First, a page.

This too shall pass
SERMON : Palm Sunday c 4 14 19
Jesus came to live among us two thousand years ago. He came to show us that God was not only on our side, collectively and individually, but that God loved us no matter what. This message, we now know, was so unsettling to the secular authorities of the time that they did away with him. Or so they thought. But Jesus brought another very important message to all of humanity. In short, he brought to us the understanding that 'this too shall pass.' This is true if we're talking about something as amazing as his triumphant entry into Jerusalem. This is true if we are talking about something as mundane as a headache.
Behind the message that 'this too shall pass' was the promise that God would be with us through it all. This was an idea that was fairly novel at the time. It was thought that God would abandon those who strayed. That they were then on their own with very limited prospects. But Jesus made it very clear, calling on some of the Hebrew scripture with which he was completely familiar, that God wanted the people to turn away from their ungodly ways and turn to God for guidance and assurance.
In our collect this morning we prayed to God, "Mercifully grant that we may both follow the example of his patience, and also be made partakers of his resurrection." This prayer pretty much acknowledges that we do not all by ourselves become so much like Jesus that a stranger could not tell us apart. In fact we have a long, long way to go until we are even significantly like Jesus. But we do get brief glimpses of the better life we can enjoy when we do manage to comport ourselves according to our Baptismal Covenant. And it is at times like Palm Sunday when we realize it.
At times like today we realize that Jesus has actually become known to lots of people in Jerusalem. We realize they are thrilled to have him entering their city. We also realize the authorities--both religious and secular--are unhappy about it. They just don't want to be bothered. The way Jesus enters Jerusalem tells us a lot. If a warrior or a king had been entering Jerusalem that person would have had horses and chariots and armed guards and a mighty show of frightening power. Jesus went another way. He picked a colt and rose into town in a remarkable display of powerlessness. Nonetheless he was greeted by palms spread in the streets and cries of Hosannah!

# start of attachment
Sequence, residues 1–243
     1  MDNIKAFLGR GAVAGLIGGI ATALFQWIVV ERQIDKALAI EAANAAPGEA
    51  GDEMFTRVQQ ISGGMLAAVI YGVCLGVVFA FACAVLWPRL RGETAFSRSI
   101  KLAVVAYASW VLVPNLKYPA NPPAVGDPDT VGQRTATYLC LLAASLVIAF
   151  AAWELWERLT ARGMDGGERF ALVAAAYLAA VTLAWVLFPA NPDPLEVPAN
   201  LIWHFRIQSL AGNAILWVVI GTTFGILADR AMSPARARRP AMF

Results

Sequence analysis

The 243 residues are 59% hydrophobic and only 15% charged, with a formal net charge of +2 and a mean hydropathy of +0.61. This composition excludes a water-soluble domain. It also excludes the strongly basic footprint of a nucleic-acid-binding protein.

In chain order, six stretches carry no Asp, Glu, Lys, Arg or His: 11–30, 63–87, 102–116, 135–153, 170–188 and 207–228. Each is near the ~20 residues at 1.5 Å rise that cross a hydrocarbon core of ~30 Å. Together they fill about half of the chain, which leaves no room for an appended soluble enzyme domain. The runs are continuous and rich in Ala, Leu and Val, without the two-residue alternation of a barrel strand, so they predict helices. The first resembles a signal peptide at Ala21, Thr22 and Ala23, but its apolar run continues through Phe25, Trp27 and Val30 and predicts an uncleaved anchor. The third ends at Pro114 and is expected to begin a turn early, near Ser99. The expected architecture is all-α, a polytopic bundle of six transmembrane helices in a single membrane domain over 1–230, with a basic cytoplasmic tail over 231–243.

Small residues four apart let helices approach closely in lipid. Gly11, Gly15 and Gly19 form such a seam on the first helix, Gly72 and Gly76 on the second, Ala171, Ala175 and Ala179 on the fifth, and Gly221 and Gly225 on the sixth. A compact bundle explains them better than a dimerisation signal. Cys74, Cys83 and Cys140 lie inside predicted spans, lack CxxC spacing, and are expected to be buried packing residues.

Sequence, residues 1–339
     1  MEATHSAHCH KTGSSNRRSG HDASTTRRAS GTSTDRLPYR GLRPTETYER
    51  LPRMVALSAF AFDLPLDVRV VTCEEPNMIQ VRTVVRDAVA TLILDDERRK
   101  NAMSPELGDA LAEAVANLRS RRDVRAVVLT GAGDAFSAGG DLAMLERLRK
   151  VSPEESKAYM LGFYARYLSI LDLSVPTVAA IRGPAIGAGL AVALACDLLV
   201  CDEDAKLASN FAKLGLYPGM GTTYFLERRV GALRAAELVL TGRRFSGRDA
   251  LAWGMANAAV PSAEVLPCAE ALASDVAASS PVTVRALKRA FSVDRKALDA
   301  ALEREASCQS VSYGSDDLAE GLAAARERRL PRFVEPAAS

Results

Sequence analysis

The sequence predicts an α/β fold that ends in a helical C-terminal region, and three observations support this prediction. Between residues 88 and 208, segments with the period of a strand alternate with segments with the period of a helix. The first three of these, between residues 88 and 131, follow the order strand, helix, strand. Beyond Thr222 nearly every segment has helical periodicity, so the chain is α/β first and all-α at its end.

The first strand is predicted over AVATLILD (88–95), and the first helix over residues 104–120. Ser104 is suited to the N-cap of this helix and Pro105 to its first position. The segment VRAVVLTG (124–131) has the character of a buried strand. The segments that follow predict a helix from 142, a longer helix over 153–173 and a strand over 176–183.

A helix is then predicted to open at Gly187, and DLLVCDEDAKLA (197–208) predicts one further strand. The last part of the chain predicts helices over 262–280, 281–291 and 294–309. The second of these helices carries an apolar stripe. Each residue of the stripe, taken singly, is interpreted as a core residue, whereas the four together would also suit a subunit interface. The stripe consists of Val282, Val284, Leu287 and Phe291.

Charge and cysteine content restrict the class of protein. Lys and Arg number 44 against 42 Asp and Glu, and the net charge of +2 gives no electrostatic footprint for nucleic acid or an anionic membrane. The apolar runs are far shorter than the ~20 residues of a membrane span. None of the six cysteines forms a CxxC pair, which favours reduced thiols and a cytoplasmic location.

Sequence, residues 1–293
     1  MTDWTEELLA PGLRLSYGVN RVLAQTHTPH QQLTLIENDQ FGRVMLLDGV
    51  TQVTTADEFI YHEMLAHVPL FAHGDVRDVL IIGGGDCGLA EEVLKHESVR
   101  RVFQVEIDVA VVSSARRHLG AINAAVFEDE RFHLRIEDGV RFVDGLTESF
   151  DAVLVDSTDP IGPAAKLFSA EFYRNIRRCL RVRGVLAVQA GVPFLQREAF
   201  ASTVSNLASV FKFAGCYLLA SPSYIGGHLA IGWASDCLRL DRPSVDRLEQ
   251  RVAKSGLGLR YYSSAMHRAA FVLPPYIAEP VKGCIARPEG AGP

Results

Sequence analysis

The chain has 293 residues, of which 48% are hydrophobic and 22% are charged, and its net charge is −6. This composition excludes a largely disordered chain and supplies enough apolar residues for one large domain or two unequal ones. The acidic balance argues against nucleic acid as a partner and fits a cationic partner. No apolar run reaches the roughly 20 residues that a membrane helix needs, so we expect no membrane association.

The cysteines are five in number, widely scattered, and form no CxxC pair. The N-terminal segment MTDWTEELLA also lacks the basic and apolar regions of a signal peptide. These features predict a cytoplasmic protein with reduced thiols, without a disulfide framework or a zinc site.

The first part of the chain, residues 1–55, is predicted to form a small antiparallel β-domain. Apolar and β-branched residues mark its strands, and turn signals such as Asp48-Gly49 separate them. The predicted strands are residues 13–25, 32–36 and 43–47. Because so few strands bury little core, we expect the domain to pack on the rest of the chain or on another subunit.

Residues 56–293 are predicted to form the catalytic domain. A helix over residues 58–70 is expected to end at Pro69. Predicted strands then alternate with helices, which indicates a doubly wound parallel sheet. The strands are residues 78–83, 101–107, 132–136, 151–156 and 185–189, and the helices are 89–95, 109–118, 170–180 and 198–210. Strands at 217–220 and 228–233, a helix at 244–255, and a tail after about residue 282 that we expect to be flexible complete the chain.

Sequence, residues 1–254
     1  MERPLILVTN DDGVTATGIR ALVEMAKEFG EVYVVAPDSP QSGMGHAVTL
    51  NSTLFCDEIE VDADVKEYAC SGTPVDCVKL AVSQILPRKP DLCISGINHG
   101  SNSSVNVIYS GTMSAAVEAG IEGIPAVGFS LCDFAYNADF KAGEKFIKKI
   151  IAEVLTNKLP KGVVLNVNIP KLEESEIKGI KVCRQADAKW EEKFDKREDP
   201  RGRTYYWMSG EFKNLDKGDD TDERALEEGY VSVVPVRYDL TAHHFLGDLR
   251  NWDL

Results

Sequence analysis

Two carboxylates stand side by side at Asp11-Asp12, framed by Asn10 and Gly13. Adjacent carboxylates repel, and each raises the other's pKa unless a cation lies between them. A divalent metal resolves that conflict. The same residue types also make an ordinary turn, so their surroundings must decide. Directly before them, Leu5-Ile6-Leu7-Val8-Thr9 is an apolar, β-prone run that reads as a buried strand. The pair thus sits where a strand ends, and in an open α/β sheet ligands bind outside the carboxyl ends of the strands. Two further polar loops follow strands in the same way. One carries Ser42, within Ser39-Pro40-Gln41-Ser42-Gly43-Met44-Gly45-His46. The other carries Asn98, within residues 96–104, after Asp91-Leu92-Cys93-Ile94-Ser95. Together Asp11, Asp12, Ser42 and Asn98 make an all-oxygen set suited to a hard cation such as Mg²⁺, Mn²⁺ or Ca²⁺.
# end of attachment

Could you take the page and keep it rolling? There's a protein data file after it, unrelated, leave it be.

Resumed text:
I think we can understand this pretty well. We live in times when there is so much pressure, so much expected of people, that the mere notion of a day off to celebrate someone coming to town sounds outlandish. I remember a day in 1980 when Pope John Paul II came to Anchorage. I was working for the mayor of that town at the time and he was a very devoted Roman Catholic. No one was compelled but everyone was free to take time off to see the Pope as his motorcade travelled from the airport to the downtown Catholic cathedral. My impression is that everyone in town went. Every one.
Of course we were pretty surprised that the Pope would come to Anchorage in the first place. It kind of put us on the map, at least a little. So there we were, the faithful and the not so much, enjoying the attention of the Pope and marveling that he was like Jesus. Pope John Paul II was famous for being kind and generous to the poor, for being peaceful and loving, and for enthusiastically embracing other religions in the belief that the faith community was one community, not hundreds of denominational communities large and small.
Pope John Paul II was known around the world whereas Jesus was known in a small corner of the Middle East. But in terms of renown, they were quite similar. Their followers and those who were neutral took great delight in a man of such stature visiting them, bringing a peaceful and hopeful message to the people, whether the people of Anchorage, Alaska or the people of Jerusalem.
It's well established that when people open themselves to ideas like having leaders who love and who seek peace and who believe in hope, their lives improve. They don't always see their candidates win elections or survive campaigns to discredit or sideline them, but such leaders set such a memorable standard that people do remember them and follow them, long after they are gone.